Empowerment counselor Thom Dellwo works with Serge Muhire advising him to work on his credit by applying for a credit card. | Cherilyn Beckles, Staff Photographer

Wallet Therapy

Citizens get free financial counseling and guidance from new program

Seriously, you need counseling. Financial counseling to be precise. That’s the premise of a free city service — that every Syracuse resident, regardless of zip code or income level, can benefit from sitting down with a certified financial planning expert. Especially when it doesn’t cost a nickel.

“Everyone can use this,” said Mary Margaret O’Hara, manager of the city’s recently established Financial Empowerment Center (FEC). “I’m trying to get my Mom to use this.”

What’s offered is not a group seminar or lecture. You call and make an appointment at one of the eight centers throughout the city. You bring your bills, a recent bank statement, basic health insurance information, a pay stub and your I.D. You should also bring a willingness to candidly discuss your finances and goals with one of the four city-contracted counselors. The initial confidential, one-on-one, session can last as long as two hours. Follow-up sessions are free as well.

Launched nine years ago by New York City in response to the economic devastation wrought by the collapse of the housing market, the FEC concept has caught on nationally with 33 cities on board. Funding for two years comes from Bloomberg Philanthropies. After July 2021, Syracuse will need to sustain the local program on its own through grants, corporate partners and other sources.

According to FEC’s manager, the center has cut debt for more than a third of its clients, but its overall success is greater than what it can do just for individual citizens. “We’re going to have better, thriving neighborhoods and our community is going to prosper more,” she explained. “Not only is [the FEC] great for yourself, but it’s a great investment in the future of Syracuse.”

Brenda Muhammad

Glenwood resident Brenda Muhammad first learned about the free counseling through Syracuse Cooperative Federal Credit Union where she does her banking. Under the counselor’s guidance, she sold her home in Georgia. She had been paying the mortgage for 10 years but rarely used the residence after moving to Syracuse to live with her new husband Keith, a retired Syracuse Fire Prevention captain. Maybe selling a home seems like a no-brainer, but Brenda needed a nudge. Financial practices tend to get entangled with emotions. It was hard to let go of the house and the ties it represented.

“It was a connection,” the retired court clerk said. “It was the first place I ever felt at peace.”

But it was an expensive keepsake.

“I was sending Georgia an allowance,” she joked over coffee.

With the proceeds of the home sale, Brenda was able to open a money market account and pay off her credit card debts using utilities refunds. The sale also freed up funds for her new passion, a non-profit she started called Focusing Our Resources For Community Enlightenment (FORCE).

The volunteer-driven organization provides services ranging from CPR and child care training for older kids to disaster preparedness workshops and help acquiring low-cost Internet and computers.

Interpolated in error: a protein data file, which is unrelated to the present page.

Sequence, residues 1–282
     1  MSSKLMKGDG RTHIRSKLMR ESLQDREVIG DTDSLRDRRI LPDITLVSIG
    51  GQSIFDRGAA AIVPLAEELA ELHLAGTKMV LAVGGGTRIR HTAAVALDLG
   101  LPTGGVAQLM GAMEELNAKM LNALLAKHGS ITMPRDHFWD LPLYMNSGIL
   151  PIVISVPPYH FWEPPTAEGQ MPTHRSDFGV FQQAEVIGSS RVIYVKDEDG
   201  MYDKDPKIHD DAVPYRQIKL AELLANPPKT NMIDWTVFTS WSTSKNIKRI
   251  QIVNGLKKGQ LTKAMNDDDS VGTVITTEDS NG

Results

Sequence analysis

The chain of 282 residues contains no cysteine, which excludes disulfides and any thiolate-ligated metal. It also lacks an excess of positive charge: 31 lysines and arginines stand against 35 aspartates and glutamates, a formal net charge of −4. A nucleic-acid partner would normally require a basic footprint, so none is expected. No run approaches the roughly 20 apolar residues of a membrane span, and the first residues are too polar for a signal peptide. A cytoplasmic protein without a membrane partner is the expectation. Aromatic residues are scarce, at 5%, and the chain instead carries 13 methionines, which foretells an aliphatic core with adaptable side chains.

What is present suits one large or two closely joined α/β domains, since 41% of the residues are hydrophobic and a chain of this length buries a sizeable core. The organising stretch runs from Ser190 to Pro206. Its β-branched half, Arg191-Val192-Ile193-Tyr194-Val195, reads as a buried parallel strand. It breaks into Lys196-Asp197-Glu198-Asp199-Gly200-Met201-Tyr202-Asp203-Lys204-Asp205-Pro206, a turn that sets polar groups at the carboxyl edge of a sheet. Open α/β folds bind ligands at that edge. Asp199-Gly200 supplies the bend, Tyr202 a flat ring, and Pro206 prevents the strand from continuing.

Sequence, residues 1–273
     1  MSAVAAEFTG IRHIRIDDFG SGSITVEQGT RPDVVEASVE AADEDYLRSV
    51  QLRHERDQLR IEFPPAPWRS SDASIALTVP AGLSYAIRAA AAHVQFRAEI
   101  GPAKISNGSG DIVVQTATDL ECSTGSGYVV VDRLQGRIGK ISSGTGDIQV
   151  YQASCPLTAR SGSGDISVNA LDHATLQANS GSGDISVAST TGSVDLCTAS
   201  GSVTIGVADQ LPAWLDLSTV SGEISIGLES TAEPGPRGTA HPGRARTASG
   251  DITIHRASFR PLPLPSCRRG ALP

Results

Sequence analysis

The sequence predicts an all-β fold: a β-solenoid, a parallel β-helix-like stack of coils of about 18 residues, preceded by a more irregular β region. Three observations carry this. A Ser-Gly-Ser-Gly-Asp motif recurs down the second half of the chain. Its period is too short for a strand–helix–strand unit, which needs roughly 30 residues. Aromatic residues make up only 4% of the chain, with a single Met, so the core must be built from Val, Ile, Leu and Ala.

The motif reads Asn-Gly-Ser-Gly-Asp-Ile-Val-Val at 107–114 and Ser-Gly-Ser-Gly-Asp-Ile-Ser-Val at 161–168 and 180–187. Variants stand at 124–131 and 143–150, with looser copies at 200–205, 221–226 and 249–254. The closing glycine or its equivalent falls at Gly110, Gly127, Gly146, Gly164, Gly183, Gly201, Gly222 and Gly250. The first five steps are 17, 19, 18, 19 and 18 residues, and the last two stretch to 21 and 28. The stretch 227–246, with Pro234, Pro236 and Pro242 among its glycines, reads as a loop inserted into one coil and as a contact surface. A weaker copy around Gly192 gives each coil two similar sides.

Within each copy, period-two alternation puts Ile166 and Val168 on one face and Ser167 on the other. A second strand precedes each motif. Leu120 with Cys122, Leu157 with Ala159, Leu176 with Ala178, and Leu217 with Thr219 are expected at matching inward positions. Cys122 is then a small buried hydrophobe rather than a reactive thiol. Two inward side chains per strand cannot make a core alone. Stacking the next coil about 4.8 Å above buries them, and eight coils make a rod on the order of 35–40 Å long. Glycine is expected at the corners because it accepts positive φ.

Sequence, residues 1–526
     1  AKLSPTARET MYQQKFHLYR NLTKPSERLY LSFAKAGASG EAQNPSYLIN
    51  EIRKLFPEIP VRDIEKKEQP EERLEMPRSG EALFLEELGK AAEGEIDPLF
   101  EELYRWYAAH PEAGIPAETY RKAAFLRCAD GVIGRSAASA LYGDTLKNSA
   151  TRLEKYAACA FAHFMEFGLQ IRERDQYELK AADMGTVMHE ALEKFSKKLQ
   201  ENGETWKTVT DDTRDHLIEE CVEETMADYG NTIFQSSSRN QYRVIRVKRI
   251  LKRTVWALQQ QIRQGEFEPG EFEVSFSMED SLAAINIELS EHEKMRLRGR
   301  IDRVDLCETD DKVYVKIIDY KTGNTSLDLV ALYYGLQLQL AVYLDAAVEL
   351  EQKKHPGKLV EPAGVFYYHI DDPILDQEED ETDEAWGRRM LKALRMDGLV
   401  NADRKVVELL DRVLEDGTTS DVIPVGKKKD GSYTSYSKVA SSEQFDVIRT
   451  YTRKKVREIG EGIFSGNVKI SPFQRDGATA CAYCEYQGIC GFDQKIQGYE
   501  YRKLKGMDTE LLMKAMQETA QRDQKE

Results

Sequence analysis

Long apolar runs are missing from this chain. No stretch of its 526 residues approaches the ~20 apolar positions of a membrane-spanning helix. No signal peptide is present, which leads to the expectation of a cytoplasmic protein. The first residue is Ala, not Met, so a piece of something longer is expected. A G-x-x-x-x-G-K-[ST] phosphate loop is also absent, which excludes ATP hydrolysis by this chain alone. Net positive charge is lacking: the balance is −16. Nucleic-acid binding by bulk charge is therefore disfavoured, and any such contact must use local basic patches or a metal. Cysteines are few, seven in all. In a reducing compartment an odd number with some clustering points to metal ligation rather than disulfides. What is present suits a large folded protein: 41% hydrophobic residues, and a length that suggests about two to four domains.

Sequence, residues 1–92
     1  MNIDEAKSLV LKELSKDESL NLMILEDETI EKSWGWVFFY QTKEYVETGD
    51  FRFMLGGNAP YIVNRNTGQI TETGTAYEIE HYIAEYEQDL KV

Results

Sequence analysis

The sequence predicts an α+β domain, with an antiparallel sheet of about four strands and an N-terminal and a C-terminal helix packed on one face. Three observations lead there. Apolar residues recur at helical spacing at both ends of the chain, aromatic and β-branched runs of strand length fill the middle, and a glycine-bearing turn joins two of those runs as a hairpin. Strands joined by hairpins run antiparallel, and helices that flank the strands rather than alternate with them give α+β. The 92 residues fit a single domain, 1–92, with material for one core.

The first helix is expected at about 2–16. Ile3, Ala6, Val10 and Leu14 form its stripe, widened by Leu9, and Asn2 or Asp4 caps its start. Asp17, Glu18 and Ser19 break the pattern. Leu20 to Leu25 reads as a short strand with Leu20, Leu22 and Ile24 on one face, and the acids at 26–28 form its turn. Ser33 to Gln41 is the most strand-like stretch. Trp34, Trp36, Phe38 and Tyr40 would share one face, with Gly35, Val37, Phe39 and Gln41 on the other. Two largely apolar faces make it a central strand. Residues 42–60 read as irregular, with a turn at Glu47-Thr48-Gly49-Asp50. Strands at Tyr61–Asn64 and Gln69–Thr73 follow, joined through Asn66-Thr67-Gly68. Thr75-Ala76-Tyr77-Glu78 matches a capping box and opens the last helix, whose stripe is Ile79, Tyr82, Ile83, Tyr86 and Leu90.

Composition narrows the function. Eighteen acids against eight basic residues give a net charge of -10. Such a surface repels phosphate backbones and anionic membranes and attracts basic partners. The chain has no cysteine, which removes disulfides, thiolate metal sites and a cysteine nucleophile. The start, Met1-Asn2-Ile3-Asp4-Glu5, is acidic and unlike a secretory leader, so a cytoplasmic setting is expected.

The city’s Financial Empower Centers have 171 clients so far. On a recent Monday, a new client, Serge Muhire, who immigrated to the U.S. in 2018 from the Democratic Republic of Congo after years in a Rwandan refugee camp, allowed The Stand to observe his initial consultation with empowerment counselor Thom Dellwo at the North Salina office of Cooperative Federal. The interview was friendly but focused. As it proceeded, it became clear that Serge is in a pretty good place money-wise. He earns $14 and hour as a night warehouse worker at a medical supply company. Household expenses are split with a nephew who earns slightly less. Impressively, the 29-year-old North Side resident has amassed $9,000 in savings, despite often sending money home to his brother’s family in Africa. His only debt is a travel loan for his $1,200 flight to America, which he pays off in increments of $180 every five months. His goals include taking college courses, perhaps in accounting, and owning his own home. Thom crunched the numbers and determined that Serge generates a $1,500 monthly surplus more or less.

“In terms of saving and spending you’re doing a good job,” Thom concluded.

Empowerment counselor Thom Dellwo laughs with Serge Muhire at the end of their consultation. | Cherilyn Beckles, Staff Photographer

His advice: Get a credit card with a $500 limit to establish credit (Serge has no credit score), and either don’t use the card or pay it off in full each month. He also suggested establishing an in-home mail collection point to avoid occasional lost bills that lead to late fees. Finally, he recommended rental insurance, a roughly $20-a-month investment that can save a lot of heartache.

A follow-up appointment was set for December. Serge left the session feeling encouraged, not just about his finances but by the sense that in Thom he had found a new ally in his transition to his new country.

“He is someone who can help me,” Serge said.

Jeff Kramer is a columnist for The Stand. He has written
newspaper columns for many, many years in Syracuse and elsewhere.

To contact him with story ideas, call (315) 420-2619 or email jeffmkramer@gmail.com

— Note additional reporting for this story contributed by Chandler Plante

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